Skip to comments.TOTAL VANITY: Need Advice on Hunting Rifles
Posted on 01/06/2006 1:15:15 PM PST by Junior_G
I am trying to save up money for my first hunting rifle and I'm hoping to tap into the vast reserves of Freeper knowledge for some advice on what to go for. I am going to get my hunter's certification this year and am looking forward to my first deer hunt, as well as hours upon hours of shooting at the range. I currently own a Mossberg 12-gauge shotgun and a 9mm Glock, but am absolutely clueless about which rifles offer the best accuracy and value (or whatever qualities it is in a rifle that I should be looking for). Any suggestions?
A good friend of mine bought one of those 338's....it was the first rifle that allowed me to shoot a quarter-size group at 100 yds. (3 shots)
The rifle is far better than me. In my book, anything over 100 yards is a case for artillery.
Be a snob like me and spend the money on a Weatherby Accumark, a grand without the scope.
They had black synthetic stocks. I was in Panama City and saw one for only $250 on clearance. I was in a hurry and thought I would get back down there before too long. Never made it back.
Go and spend a day at a decent sized gun show. Talk to the locals about what they use for deer and elk. Then make your decision after holding 50 different rifles in your hands.
Wiser words were never written.
You rang, Sir?
the bolt is a bit different. (and a b***h to take apart)
Hahaha what a kidder!
It's easy to take apart, putting it back together.......
well, that's not hard either.
Considering also that you can get sixty rounds of match grade ammo for around 25 dollars, which you can then pull
the bullets and reload with SP or HP ones and still be
below the cost of commercial ammo.
The triggers on the K-31s are SWEET and you can get
scout mount scope mounts for them for around 60 bucks
an LER scope for 40 and you are good to go.
If you are over 18 years of age, you can apply for a
C&R license (curio and relic) from the BATF, it costs
thirty dollars and is good for 4 years. it allows you
to purchase C&R rifles , that is ones OVER fifty years
old or of a collectable nature (they have a list) DIRECTLY
from wholesale gun dealers AND THE UPS DELIVERS THEM DIRECT
TO YOUR DOOR!!!
Look it up on the net.
or just type Curio and relic into google.
the forms are available from the ATF website.
you can also go to www.milsurpshooter.net to
learn everything you need to know to fill out the forms
and get started.
Battle rifles can be bought for under a hundred bucks,
sometimes as low as $39.95 or less.
One problem though, soon you'll need to buy a gunsafe,
they multiply in a dark closet.
That's one bad mo deer.
I had to read 33 responses before some one had the intelligence to ask, "Where are you hunting?".
Would say coastal, likely blacktail, eastern part of the state, muleys.
Man, I just bought one of these a week ago. Never guess what caliber .... Ok, maybe you could ;-) Anyhow, it was S&W 500 Magnum. $240 + tax.
I'm in love.
I didn't really expect it to be accurate but it was in fact unusually good, probably capable of moa accuracy.
It was one of those which I really wish I didn't have to sell but was in grad school and needed the funds.
BTW that rimmed pistol cartridge was ideal for the short single shot rifle, and very powerful too.
I like it well enough that I may pick up another in a different caliber.
Come to think of it there is a Gun Show at the Orlando Fairgrounds this weekend. Maybe I'll go take a peak.
I'm both a snob and a Made in America kind of guy so I'm sticking with my advice to buy one of the newer Weatherbys. Mine is in .308 and it is a beautiful piece of work that draws praise in any hunting camp that I'm in.
At one the Weatherbys were made in Japan. Has that changed?
I'm too old to hunt any more, but I have a remmington 700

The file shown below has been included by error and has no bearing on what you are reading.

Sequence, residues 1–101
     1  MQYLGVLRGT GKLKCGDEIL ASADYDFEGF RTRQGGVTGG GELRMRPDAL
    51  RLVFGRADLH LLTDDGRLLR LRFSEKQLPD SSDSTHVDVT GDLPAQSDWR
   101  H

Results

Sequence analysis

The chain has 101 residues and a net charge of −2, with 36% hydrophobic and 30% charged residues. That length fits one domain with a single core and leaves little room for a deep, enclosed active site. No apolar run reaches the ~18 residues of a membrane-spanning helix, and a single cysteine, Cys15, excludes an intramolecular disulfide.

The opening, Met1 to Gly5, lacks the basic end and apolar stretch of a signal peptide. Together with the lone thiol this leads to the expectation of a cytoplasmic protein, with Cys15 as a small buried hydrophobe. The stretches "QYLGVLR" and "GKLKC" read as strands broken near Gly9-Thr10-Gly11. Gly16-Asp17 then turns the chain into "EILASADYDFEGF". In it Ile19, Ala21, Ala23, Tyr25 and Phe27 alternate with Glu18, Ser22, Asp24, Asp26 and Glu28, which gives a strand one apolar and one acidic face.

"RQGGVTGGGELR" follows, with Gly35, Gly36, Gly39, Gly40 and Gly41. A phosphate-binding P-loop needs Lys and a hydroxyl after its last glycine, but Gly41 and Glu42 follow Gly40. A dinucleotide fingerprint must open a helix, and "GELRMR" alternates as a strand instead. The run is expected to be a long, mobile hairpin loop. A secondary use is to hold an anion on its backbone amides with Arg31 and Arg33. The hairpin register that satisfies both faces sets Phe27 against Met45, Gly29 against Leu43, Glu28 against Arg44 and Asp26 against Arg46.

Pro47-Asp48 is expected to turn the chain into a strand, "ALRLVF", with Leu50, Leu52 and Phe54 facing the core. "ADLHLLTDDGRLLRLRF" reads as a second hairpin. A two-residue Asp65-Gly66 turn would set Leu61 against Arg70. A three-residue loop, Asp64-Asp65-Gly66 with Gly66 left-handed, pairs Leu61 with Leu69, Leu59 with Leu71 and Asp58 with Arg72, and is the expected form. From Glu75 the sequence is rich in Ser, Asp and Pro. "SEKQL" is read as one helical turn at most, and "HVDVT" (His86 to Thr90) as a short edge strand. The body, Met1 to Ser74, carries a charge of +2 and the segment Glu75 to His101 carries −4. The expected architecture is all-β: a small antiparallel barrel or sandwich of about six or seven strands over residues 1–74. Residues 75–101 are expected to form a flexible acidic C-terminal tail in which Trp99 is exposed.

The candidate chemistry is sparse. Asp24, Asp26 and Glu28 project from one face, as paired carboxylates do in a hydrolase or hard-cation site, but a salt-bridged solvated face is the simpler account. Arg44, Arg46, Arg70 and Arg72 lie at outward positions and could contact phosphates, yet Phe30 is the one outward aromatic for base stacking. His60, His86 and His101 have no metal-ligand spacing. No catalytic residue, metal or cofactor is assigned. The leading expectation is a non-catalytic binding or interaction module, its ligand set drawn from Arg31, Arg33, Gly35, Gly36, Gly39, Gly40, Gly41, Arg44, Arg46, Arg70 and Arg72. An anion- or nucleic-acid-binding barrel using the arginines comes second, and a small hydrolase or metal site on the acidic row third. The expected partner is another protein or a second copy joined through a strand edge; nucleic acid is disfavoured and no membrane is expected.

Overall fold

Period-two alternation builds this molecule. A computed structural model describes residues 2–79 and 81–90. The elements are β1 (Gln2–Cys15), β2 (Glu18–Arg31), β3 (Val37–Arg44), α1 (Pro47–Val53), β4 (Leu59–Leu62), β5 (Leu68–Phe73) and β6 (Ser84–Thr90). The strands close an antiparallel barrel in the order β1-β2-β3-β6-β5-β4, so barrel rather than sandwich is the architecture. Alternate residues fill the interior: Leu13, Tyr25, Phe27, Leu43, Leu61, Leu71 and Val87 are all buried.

in 30-06 with a composit stock. It has a leapers 3x9x40 rubber armored scope. I'd sell it for $325. Good rifle.
That shoot little lead thingys out one end. Real fast.
"now I have to break the news to Mrs. Lando that I "need" another rifle! ;)"
Another plus for the Savage - they are so inexpensive that coming up with the funds to pay for one without one's wife finding out is a piece of cake!!
The scope will cost as much or more than the rifle...
The No4 Mk1 is a simple, easy to maintain, robust and accurate and it keeps its accuracy even after being dragged through mud and dust and thrown into thr back of trucks by young men on the move.
The star indicates that it was produced in volume by Savage during WWII for Commonwealth forces and as such would be the version most readily available in North America.
Bullet: 150 Gr. Winchester Softpoint
In the .270, drop at 500 Yards (200 zero) is -44.1 inches.
In the .30-06, drop at 500 Yards (200 zero) is -51.9 inches.
(Source: Guns & Ammo, 2005 Annual Buyers Guide pp. 152, 161.)
The .270 does push smaller bullets, and is more appropriate for light game as you suggest. But even when the bullets are as similar as possible (Mfg, grain, type, as above), the .30-06 does seem to drop more. Which was my point.
First is Germany (highly prized, Sauer I believe) and then in Japan (Howa) and then by the company that made the M-60 machine gun, Marmount (but don't hold that against them). Mine is a gorgeous yet very functional rifle, synthetic stock and stainless steel barrel. The stock I think is made by McMillan and the barrel by Krieger and both are of the highest quality. Ever since the first grade I wanted a Mark V Weatherby and by the time I was 37 I had one complete with Leupold VariXIII, and it shoots in the inch range with most ammo.
Hey fellow snob. What kind of scope do you place on your Weatherby that costs as much as the rifle?
I don't know a lot about Weatherbys. I thought Howa made at least some of them. The M60 was a fair to middlin bullet launcher.
I'll disagree with you about the M-60 since I was a custodian of my unit's armory (USMC) and I wrote up the M-60s more often then anything else. Two things one was the bolt operating rod interface which was always wearing itself out and most egregiously the trigger mechanism which was unsafe at any speed. You know its trouble when the first thing they teach you about the M-60 is how to stop a "runaway" machine gun, twist the belt to break it so the gun runs out of ammo. M-249s for everybody
You rang, Sir?
Not always, though often a helpful consideration, particularly when the air-delivered equivalent is unavailable. Though it has been said that Artillery lends dignity and science to that which would otherwise be a vulgar brawl....